It’s a parent’s responsibility to evaluate whether their minor child should own a gun before signing a FOIA request, and to understand the liability associated with the affidavit, said Richard Pearson, executive director of the Illinois Rifle Association.

“We support the idea that there are some people who should not own firearms,” Pearson said. “It is the parents’ duty to correct this (for their minor children).”

Earlier in 2019, Highland Park police were called to Cremo’s home twice — once when the younger Cremo was threatening to kill himself with a machete, and a second time when he was threatening to harm others, authorities said.

On the second occasion, responding officers confiscated 16 knives, daggers and a sword from the possession of Kremo III. The elder Cremo later claimed that the confiscated knives belonged to him.

Police had no probable cause to make an arrest and no one signed a complaint against Crimo III, according to Sgt. Chris Covelli, spokesman for the Lake County Major Crimes Task Force. But Highland Park police reported the incident to the Illinois State Police, the agency that issues gun permits in Illinois.

Pearson said there were many red flags in the Cremo 3 case, and “a lot of guilt that could be overlooked.”

Parental responsibility

Since 2021, the Lake County State’s Attorney’s Office has filed more than 80 reckless conduct cases, but none of those cases involved parents sponsoring FOID requests for troubled teens, according to the office.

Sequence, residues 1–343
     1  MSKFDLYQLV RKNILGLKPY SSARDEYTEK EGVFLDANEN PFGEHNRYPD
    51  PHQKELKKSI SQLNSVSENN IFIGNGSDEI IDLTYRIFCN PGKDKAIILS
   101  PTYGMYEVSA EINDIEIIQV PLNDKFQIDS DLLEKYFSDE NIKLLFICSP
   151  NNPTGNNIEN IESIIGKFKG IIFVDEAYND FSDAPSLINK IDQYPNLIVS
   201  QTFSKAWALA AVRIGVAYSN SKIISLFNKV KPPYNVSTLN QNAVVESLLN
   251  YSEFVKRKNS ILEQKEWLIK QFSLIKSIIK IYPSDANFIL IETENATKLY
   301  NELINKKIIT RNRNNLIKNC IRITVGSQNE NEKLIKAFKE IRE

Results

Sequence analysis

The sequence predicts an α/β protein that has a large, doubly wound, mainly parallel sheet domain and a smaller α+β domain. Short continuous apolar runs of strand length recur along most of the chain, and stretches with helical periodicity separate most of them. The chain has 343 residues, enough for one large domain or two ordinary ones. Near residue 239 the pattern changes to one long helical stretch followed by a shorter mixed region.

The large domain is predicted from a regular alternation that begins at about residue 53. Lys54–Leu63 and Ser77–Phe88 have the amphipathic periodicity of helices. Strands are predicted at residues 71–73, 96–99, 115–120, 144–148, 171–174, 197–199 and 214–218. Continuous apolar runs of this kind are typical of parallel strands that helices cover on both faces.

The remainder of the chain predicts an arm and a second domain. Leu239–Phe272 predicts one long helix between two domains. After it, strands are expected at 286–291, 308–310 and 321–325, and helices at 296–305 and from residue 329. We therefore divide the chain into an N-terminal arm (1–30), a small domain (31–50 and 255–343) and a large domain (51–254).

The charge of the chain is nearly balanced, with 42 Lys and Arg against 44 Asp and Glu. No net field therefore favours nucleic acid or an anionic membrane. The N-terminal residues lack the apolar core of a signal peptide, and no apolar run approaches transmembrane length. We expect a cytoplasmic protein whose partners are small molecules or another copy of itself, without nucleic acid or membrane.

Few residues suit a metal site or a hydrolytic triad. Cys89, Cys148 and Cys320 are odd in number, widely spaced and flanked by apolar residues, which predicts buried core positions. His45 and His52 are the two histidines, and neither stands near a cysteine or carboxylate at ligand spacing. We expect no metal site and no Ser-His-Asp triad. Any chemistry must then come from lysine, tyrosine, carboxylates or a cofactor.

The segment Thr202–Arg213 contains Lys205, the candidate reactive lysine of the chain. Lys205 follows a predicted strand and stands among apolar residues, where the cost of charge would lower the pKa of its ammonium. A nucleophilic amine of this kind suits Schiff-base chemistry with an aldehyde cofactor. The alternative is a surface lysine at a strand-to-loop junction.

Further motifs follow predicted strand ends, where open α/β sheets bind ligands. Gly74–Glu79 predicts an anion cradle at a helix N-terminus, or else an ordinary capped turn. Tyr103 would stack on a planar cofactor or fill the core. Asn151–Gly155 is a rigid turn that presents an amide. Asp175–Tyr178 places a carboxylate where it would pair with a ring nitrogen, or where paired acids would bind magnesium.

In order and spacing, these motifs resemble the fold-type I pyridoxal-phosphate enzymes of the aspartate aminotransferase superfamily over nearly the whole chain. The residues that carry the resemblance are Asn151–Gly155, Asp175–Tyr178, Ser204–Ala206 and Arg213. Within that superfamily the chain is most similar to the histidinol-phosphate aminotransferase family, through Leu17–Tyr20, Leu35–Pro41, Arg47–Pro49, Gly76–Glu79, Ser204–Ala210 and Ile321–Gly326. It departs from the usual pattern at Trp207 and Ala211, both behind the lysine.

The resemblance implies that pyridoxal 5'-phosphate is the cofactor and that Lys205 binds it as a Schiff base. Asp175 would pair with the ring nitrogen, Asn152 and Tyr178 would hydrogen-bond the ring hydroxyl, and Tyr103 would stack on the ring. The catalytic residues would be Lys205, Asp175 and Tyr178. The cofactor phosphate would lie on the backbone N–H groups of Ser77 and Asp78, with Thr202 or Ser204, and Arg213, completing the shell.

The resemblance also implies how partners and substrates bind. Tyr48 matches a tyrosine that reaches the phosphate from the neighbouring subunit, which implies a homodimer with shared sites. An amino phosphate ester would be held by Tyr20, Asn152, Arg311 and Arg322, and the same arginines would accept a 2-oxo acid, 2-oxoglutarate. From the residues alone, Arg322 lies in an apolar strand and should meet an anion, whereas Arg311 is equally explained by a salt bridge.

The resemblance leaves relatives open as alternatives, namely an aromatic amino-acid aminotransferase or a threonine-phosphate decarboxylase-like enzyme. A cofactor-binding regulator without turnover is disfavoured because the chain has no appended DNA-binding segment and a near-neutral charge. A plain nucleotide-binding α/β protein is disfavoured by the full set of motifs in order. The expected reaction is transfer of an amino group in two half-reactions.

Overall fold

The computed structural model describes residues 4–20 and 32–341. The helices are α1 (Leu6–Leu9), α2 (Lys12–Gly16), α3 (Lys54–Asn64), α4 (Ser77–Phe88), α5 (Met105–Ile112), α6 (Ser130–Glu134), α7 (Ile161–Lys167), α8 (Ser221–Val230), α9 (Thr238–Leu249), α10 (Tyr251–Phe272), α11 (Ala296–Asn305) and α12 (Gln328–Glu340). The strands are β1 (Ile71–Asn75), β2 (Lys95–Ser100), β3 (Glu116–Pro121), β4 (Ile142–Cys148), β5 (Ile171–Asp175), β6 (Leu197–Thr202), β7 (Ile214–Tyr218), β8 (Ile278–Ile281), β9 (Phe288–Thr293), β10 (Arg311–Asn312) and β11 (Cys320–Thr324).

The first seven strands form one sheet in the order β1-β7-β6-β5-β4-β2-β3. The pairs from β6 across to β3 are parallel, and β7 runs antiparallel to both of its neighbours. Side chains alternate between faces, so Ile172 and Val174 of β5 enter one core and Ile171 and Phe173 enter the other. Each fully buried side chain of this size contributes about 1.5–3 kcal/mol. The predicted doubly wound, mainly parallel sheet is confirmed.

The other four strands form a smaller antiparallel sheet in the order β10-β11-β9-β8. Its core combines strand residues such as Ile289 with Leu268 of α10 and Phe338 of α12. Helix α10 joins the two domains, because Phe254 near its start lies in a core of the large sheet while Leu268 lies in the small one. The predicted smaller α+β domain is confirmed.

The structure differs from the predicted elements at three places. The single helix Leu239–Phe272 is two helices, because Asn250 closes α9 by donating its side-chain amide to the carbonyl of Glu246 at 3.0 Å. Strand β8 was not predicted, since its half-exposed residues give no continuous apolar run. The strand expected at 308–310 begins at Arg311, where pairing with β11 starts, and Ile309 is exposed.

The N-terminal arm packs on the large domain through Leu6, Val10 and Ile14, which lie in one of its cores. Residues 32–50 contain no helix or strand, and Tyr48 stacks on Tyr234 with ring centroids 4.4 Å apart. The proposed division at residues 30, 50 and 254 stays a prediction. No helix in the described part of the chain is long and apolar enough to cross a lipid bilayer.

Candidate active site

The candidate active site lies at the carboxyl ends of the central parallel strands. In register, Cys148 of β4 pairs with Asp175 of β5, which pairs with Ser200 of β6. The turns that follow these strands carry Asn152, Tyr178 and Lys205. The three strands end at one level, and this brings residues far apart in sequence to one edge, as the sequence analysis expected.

At least two of the cases involved adults who allowed children to obtain firearms, authorities said.

“The fact that no other charges have been filed similar to Mr. Cremo’s case only goes to show how rare Cremo’s reckless and criminal actions are with regard to an assault weapon,” a representative for the state’s Attorney’s Office said in an email statement.

While attempts to reach Cremo Jr.’s defense attorney, Jorge Gomez, have been unsuccessful, Gomez has previously stated that the charges against the father hinge on questions of law, not facts, about whether the action constitutes a crime.

“It is a rare case with rare facts,” Gomez said in July.

Often times, parents of mass shooters do not take responsibility for their children’s actions. However, the parents of the young alleged mass shooter in Michigan face manslaughter charges in the November 2021 shooting at Oxford High School.

Prosecutors say James and Jennifer Crumbley should have anticipated the carnage and intervened beforehand. The parents bought their son the gun used in the shooting, despite knowing he struggled with mental health. On the morning of the shooting, parents were called to school because of a disturbing drawing, but did not bring it home.